|This article does not cite any references or sources. (May 2009)|
Peep Search (or BetaSkipScan) is feature available on many videocassette recorders and most camcorders, whereby the unit can show you what is on the tape during rewind and fast forward operations. For this feature to work seamlessly, the tape must be fully laced up (wrapped around the video heads) during rewind and fast-forward operation, which is not usually supported on VHS decks and therefore makes VHS almost the only video tape format where peep search is not usually available.
To make a distinction between peep search and normal picture search, consider the following operations:
Picture Search (or cue and review):
- During tape playback, the Fast Forward or Rewind button is pressed. Depending on the model of machine, this button press may be momentary or have to be held. The picture can be viewed at high speed. When the button is released, or when Play is pressed again (depending on model), the video tape will again play at normal speed.
- During tape fast forward or rewind, the same function is selected again with the Fast Forward or Rewind button. Now the machine instantly displays a high speed image from the tape. Upon releasing the button, the machine reverts to the fast forward or rewind function.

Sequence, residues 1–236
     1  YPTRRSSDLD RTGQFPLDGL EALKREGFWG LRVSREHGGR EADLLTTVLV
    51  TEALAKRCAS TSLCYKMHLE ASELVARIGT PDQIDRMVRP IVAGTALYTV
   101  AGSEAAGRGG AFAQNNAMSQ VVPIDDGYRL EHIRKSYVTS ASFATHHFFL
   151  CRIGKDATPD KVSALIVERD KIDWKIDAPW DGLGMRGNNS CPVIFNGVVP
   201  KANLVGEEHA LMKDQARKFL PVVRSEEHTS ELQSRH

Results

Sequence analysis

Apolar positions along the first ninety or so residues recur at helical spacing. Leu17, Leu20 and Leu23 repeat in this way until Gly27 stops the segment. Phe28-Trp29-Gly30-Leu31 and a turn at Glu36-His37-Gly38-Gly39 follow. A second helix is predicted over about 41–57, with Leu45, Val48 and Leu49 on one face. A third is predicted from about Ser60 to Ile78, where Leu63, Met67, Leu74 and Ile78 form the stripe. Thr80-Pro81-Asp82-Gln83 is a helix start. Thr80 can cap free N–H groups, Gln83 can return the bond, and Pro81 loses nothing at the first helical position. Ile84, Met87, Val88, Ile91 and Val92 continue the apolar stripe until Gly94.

On some models of equipment, the peep search is carried out at the full rewind or fast forward speed, but most slow the tape down to the picture search speed and actually perform a picture search operation.
Peep Search is available with all of the following video tape formats:
- Betamax, though not implemented by Sanyo decks, most of which returned the tape to the cassette for high speed winding. Sony called their mode "BetaSkipScan".
- miniDV, almost all miniDV equipment supports this feature, the notable exception being some JVC camcorders.
The following formats generally or always unlace during rewind and fast-forward operations and so are unable to carry out this function:
The following formats remain laced during rewind and fast-forward operations but the mechanisms did not allow for this feature:
The peep search function may go under differing names, or no name at all, with some manufacturers. Curiously, many manufacturers' instruction manuals make no mention of this feature, even when it is installed. The name was first used by Canon.